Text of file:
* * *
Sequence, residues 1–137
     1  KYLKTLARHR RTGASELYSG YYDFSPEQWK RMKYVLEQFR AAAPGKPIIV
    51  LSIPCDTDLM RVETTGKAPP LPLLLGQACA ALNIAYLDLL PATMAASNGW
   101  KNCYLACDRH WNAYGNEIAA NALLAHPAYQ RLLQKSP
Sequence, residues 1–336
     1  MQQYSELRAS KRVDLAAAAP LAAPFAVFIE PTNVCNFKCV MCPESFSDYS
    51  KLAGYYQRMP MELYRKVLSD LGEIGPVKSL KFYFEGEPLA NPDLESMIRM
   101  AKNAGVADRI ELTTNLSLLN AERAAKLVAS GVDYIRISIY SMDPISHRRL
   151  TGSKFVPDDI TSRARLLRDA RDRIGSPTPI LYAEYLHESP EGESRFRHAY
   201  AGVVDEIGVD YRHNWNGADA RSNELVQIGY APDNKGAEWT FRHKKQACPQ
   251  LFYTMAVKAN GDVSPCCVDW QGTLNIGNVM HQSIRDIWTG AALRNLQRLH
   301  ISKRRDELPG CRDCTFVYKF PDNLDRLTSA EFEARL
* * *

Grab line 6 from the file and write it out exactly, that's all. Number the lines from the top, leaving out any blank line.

     1  MQQYSELRAS KRVDLAAAAP LAAPFAVFIE PTNVCNFKCV MCPESFSDYS